Manor House Inn, 69 Maple Ave, Norfolk, CT 06058, Stati Uniti
The Spence School, 22 E 91st St, New York, NY 10128
Bryn Mawr College, 101 N Merion Ave, Bryn Mawr, PA 19010
historic Jekyll Island Club, 371 Riverview Dr, Jekyll Island, GA 31527
Shepard Morgan House, 132 E 79th St, New York, NY 10075, Stati Uniti
Center Cemetery, Norfolk, CT 06058, USA
Barbara Spofford Morgan (July 15, 1887 - April 1, 1971) was an American educator, essayist on religion and a specialist in mental testing. She is the mother of John Spofford Morgan.
Barbara Spofford was born on July 15, 1887, in New York City, the daughter of Charles Ainsworth Spofford, a director of the Northern Pacific Railway, and Ellen Boardman. They moved to Norfolk, Connecticut, to give their daughter a better environment, and in 1898, built The Alders (now known as the Manor House), a Victorian Tudor-style mansion, designed by E.K. Rossiter. Later Barbara and Shepard Morgan lived on Mountain Road, Norfolk. Spofford was the granddaughter of Ainsworth Rand Spofford, Librarian of the United States Congress from 1864 to 1897.
She was educated at Miss Spence's School in New York City, and then attended Wycombe Abbey School in England where her father was working on a government commission. In 1905, she was presented at court in the presence of King Edward VII and Queen Alexandra. Morgan attended Darmstadt University in Germany and in 1909 Bryn Mawr College. After college, she made a world tour.
On February 20, 1912, she married Shepard Ashman Morgan (1884-1968), president of the Chase National Bank and author of The History of Parliamentary Taxation in England and Reminiscences of Shepard Ashman Morgan (1950). The Morgans were members of the Jekyll Island Club, a Southern haven for America's millionaires.
In 1926, while her husband was economic advisor and later finance director of the Office for Reparation Payments in Berlin, Germany, she enrolled at the Friedrich Wilhelm University, where she received the degree of Doctor of Philosophy in 1928, the first American woman to achieve such a distinction. Her doctoral thesis was The Individual in American Education.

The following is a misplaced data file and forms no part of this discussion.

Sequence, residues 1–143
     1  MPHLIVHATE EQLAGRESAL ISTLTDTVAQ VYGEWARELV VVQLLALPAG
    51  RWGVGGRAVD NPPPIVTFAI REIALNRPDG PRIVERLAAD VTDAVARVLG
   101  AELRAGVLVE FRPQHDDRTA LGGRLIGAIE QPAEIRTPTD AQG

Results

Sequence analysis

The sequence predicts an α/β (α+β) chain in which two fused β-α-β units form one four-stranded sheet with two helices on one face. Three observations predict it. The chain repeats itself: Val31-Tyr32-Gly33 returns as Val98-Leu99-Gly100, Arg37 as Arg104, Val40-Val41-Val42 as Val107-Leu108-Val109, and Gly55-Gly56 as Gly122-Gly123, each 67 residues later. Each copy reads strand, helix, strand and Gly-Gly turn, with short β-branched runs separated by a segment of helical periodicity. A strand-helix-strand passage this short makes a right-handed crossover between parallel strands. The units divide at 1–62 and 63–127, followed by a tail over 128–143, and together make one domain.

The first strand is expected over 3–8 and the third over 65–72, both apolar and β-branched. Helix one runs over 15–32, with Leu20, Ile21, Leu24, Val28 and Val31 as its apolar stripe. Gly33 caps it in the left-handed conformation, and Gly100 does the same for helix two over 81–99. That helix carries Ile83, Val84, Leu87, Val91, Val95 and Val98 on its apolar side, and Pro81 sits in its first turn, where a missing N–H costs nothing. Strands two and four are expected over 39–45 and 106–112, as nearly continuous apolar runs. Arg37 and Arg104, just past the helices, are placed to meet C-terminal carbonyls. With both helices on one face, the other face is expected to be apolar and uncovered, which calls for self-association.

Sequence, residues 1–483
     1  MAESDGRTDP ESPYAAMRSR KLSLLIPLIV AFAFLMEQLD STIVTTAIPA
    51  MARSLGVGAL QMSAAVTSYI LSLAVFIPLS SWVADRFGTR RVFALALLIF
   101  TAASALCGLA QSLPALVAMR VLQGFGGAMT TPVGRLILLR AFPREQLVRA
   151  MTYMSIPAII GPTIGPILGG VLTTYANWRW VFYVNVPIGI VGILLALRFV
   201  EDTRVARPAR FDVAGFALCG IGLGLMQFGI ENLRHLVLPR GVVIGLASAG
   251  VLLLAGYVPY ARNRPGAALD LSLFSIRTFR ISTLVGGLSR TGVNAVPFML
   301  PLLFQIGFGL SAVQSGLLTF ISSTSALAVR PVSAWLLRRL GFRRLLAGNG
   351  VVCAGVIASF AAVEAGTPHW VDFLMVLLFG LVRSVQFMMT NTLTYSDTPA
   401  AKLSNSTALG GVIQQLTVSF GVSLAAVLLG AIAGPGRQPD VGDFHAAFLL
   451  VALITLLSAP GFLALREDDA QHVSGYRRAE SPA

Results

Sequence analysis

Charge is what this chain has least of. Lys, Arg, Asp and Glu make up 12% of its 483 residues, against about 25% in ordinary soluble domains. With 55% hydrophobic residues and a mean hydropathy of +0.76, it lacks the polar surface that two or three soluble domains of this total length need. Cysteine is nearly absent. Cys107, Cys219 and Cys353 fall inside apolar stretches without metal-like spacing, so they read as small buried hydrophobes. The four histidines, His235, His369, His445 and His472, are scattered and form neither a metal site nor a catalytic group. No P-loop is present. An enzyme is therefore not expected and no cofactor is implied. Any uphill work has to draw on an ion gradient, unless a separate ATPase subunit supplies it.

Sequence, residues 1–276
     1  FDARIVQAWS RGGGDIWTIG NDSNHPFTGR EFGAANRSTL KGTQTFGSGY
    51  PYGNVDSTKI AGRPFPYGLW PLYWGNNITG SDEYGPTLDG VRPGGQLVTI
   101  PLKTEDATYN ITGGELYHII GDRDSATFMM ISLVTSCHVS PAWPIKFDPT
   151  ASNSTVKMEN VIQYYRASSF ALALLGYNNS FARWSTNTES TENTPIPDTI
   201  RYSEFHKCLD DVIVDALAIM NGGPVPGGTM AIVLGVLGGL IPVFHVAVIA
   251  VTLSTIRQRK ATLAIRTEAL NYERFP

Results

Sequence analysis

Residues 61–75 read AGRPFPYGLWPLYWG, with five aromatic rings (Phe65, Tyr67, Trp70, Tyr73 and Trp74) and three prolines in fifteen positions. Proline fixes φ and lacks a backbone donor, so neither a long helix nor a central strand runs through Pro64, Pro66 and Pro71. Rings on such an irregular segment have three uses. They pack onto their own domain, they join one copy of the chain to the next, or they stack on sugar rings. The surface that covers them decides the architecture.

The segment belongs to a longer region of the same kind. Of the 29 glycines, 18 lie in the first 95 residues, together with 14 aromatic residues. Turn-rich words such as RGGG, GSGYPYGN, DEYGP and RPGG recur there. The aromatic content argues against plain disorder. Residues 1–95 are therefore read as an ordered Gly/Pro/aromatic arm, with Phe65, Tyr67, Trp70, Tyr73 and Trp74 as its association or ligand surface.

Manor House, Norfolk
Morgan was the author of The Backward Child, a Study of the Psychology and Treatment of Backwardness; A Practical Manual for Teachers and Students (1914), Frienly Shepherdess (1933), Individuality in a collective world (1935), Skeptic's search for God (1947) (reissued in 1949 as Man's restless search). She also contributed articles to The Atlantic, the North American Review, and The Baltimore Sun.
From 1910 to 1911, she directed the psychological clinic of the Neurological Institute of New York. In 1911, she was featured in a full-page article in The New York Times: "Teaching Backward Children Their A-B-C's by Dancing, Where ordinary methods fails, Miss Barbara Spofford resorts to a novel plan of her own to instill the alphabet into youthful minds". From 1916 to 1918 she lectured on mental testing at the New York University and from 1914 to 1920 she had a private practice in mental testing in New York City.
Morgan was governor of the Women's Municipal League, a field worker for the North American Civil League for Immigrants and an activist for the benefit of the Randalls Island Hospital for Mental Defectives. She was a trustee of the Public Education Association and a governor of the Cosmopolitan Club.
In 1970, she donated The Papers of Ainsworth Rand Spofford to the Library of Congress. Morgan died on April 1, 1971, in Canaan, Connecticut.
132 E 79th St
Central Cemetery, Norfolk
In 2011 Barbara Spofford's son, John Spofford Morgan (November 13, 1917 – April 28, 2015), was highlighted by the New York (magazine) for having married his partner of 64 years, Louis Halsey (1923 – October 10, 2014), in 2011. The Morgans (father, mother, son and son-in-law) are buried in Norfolk Center Cemetery, in Norfolk, Connecticut, with Spofford's family. It was Morgan that, in 2004, inscribed Ainsworth Rand Spofford's tombstone at Rock Creek Cemetery; until that time, it had remained blank. John Spofford Morgan attended Harvard University, A.B. in 1939. During World War II Morgan and Halsey both served in the Navy on different oceans. Morgan was on a Navy destroyer in Pearl Harbor on December 7, 1941. Later Morgan worked as an economist. Morgan was a classic music lover and was on the board of the InterSchool Orchestras of New York. Halsey was an hairdresser at the Westbury Hotel. In 1947 Morgan attended Columbia University for his Master's in International Affairs. It was at this time that he met Halsey, at the New Verdi on West 72nd. Halsey said it was "Love at first sight", while instead Morgan admitted it was a slower thing for him. They married on November 11, 2011, at 11:11, at their apartment in East 10th Street. Halsey died on October 10, 2014. Spofford died six months later on April 28, 2015.
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